A range of customisations are possible and the open nature of the software lends itself to these options. At a basic level, it is possible to alter the number of participant characteristics that are factored into the allocation algorithm. In addition, different weightings can be given to different characteristics by altering the value of the score given for each characteristic. The files produced or the information in the emails sent with each allocation can be imported easily into a spreadsheet or other software packages for further analysis. The extent of randomization required within the minimization algorithm can be customised easily. Furthermore, if complete randomization is required and the study is to be a standard randomized controlled trial then this can be trivially implemented by adjusting the randomization element to the value required for complete randomization. This could be a useful option for studies that have multiple centres as it would provide central information on study allocation progress. The real time processing of allocation in this case, as with minimization, provides a central record of the allocation, which is documented in real time and which cannot be tampered with locally.
In some situations, internet connections may be slow or relatively costly and OxMaR is designed to maximize utility and minimize costs in this context. The software produces very simple web pages encoded by brief basic HTML and the content of the web forms is similarly simple so that data transmission requirements are very low. Any limited service will be sufficient to undertake the study and in extreme situations, a field worker could phone or text data to the study base or other location, supplying the information required for someone at that location to input the participant variables into the web page to generate an allocation. In the situation where there are no phone or internet services at all, it is not possible to undertake a multi-centre study using real time minimization as there is an absolute requirement for real time information about the previous study participants in order to perform the minimization process. Under these circumstances, there are two options. One is to undertake a single centre study using local computation and this could easily be done using OxMar installed directly on a single desktop or portable computer. The second is to acquire participant information locally and then take this to an area where there is a suitable phone or internet connection and then return subsequently with the results of the allocation procedure. However, mobile phone coverage is increasing rapidly, even in poor countries, so this issue will be a diminishing one. In areas where it is especially problematic, the use of satellite phones is increasingly satisfactory and the costs are not substantial compared to those with standard mobile phone services.
The email sent out to the person submitting the following an allocation is a simple text email containing 18 lines of text that states the variables submitted and the outcome result. It does not contain a summary of the data relating to previous allocations. As such this email requires only minimal data transmission and it is very simple to reduce this email further. In addition, it is not necessary for the person submitting the allocation request to review the email immediately and this email might simply be viewed for confirmation at a later stage, perhaps on return to the study base. To reduce data transmission requirements phones or remote device preferences could be set to only downloaded emails at preferred times or on request, such as only when free or low cost connections are available.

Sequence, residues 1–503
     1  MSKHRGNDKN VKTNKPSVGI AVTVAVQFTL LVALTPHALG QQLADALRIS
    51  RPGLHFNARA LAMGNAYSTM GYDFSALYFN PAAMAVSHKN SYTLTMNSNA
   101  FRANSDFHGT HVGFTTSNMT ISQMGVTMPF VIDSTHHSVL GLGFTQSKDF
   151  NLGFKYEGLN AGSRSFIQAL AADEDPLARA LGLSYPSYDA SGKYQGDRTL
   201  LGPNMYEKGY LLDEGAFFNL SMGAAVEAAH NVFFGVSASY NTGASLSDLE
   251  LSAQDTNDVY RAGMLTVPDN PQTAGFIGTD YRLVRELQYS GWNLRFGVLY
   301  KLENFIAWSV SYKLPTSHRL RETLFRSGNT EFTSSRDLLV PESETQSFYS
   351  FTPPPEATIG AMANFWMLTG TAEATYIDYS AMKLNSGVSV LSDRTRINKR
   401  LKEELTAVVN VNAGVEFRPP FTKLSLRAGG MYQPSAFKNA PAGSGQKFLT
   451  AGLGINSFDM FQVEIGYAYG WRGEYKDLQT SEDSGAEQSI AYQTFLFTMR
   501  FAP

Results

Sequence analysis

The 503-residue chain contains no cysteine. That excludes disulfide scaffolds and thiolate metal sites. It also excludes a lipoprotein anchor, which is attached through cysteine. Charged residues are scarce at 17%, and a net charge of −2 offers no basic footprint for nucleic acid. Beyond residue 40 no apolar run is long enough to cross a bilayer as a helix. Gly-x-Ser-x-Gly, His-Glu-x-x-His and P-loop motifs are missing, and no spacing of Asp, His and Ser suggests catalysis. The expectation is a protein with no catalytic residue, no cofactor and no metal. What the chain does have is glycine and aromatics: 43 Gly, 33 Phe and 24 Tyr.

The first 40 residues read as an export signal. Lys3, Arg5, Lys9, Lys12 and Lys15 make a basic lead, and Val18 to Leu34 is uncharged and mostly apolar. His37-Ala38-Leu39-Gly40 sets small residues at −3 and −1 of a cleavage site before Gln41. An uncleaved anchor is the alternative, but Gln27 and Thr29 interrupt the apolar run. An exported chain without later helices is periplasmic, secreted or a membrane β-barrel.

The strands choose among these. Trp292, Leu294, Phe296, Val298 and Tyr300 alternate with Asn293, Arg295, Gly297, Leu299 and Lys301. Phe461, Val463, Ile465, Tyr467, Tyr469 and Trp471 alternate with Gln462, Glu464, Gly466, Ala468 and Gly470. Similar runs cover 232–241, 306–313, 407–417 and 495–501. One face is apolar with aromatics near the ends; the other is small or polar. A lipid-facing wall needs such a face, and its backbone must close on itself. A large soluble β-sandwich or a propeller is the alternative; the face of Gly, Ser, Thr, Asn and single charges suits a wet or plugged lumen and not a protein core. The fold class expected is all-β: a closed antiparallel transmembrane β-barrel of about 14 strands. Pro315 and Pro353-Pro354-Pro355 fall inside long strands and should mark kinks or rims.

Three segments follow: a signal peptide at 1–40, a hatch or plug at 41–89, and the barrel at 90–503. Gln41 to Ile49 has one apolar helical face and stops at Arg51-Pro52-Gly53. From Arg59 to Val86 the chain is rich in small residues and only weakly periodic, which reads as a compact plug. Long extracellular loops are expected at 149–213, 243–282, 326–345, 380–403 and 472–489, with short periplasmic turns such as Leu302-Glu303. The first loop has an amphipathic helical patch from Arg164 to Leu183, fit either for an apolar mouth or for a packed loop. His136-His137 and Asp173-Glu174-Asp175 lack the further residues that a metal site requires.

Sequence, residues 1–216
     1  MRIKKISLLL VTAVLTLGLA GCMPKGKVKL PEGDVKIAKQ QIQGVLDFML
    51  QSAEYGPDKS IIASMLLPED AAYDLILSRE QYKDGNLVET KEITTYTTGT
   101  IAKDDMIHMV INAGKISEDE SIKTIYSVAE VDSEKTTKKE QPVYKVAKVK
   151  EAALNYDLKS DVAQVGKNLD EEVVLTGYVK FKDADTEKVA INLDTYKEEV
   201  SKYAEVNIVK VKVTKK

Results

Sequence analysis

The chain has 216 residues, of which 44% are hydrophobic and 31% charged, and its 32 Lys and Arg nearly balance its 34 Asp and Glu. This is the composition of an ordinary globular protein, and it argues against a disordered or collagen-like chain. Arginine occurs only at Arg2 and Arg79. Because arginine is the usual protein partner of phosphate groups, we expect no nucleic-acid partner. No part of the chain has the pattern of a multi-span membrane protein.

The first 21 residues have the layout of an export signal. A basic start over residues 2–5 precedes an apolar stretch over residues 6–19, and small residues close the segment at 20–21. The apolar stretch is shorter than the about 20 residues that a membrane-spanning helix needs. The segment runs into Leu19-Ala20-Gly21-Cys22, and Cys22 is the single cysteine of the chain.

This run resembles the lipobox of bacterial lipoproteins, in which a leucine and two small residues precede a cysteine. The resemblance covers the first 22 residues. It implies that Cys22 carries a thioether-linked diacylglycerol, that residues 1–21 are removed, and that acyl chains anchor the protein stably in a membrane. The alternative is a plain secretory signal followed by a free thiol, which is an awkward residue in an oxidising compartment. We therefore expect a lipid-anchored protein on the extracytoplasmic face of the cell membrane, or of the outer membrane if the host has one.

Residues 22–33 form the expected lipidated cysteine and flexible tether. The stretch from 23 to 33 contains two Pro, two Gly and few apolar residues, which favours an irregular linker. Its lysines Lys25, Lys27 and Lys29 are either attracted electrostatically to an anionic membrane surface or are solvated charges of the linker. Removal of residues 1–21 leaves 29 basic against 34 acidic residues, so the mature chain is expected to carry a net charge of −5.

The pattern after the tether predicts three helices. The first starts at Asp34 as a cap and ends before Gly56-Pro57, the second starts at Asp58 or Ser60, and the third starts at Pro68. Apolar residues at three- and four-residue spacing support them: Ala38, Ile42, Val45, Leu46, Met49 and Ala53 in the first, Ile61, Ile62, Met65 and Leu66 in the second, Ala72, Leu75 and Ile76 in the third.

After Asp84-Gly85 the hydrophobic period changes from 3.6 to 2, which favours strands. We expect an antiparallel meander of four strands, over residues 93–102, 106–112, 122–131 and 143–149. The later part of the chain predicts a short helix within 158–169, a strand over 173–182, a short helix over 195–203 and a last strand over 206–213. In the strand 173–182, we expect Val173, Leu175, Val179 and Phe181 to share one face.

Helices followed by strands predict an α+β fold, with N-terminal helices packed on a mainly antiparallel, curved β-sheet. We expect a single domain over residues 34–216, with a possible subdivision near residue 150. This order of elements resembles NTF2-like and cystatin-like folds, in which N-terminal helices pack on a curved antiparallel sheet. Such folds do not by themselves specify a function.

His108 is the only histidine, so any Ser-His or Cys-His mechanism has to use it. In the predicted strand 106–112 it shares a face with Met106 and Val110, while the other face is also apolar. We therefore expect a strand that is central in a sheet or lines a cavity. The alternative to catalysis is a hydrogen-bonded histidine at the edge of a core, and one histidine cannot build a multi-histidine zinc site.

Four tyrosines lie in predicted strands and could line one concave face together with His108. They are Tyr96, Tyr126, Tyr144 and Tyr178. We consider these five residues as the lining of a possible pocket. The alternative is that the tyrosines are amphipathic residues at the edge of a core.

By contrast the email to the study administrator and potentially to other individuals does contain a copy of the entire dataset. This should not be an issue for data transmission as these emails will only need to be looked at when the administrator chooses to do so and the email does not play any specific role in the routine running of the allocations. Nevertheless, the information in this email is in the form of simple compact text and should not be problematic from a data transmission perspective. If this does constitute a problem, the simplest solution would be for it to be sent to a free web-based email account that is only looked at intermittently through a browser at a location where data transmission is not a problem.
The OxMaR algorithm is coded in the standard implemented programming language Perl , which does not require compilation and so can be read intuitively and so scrutinised straightforwardly. No external packages or libraries are used so every detail of the implementation is available for inspection in line with CONSORT principles and those outlined by the International Conference on Harmonisation , . This also makes further customization straightforward as all aspects of the software are available to the user directly.
Setting up a study with OxMaR is relatively straightforward and, if necessary, can be done at zero cost using free web hosting services. Only minimal, if any, adjustment of the files is required and clear instructions are provided about this. Furthermore, the software is available on an open source basis as free software which allows others beyond the author to develop the software further, customise it and support users in their deployments. OxMaR is publicly available to be built on and customised – the basic engine has been demonstrated to be robust and can be deployed globally. This platform should be of immediate utility but should also allow development of the software to meet the needs of future users with specific requirements. OxMaR is a useful solution even for very low budget studies and should help researchers to retain their resources to spend on other aspects of the study rather than software support. It may also be of value in studies undertaken by students, nurses and other health professionals, who may not always have access to the levels of funding available for standard or commercial drug trials. In particular, it is hoped that the software will be of value to resource-poor research communities, whether they be in in any field in poorer nations or in fields not favoured by funding bodies in prosperous nations.
The author is grateful to Clare Camidge, Maria Weetman and Kathryn Lafferty for testing and using the software in the OxCKD1 study.
Conceived and designed the experiments: CAO. Performed the experiments: CAO. Analyzed the data: CAO. Contributed reagents/materials/analysis tools: CAO. Contributed to the writing of the manuscript: CAO.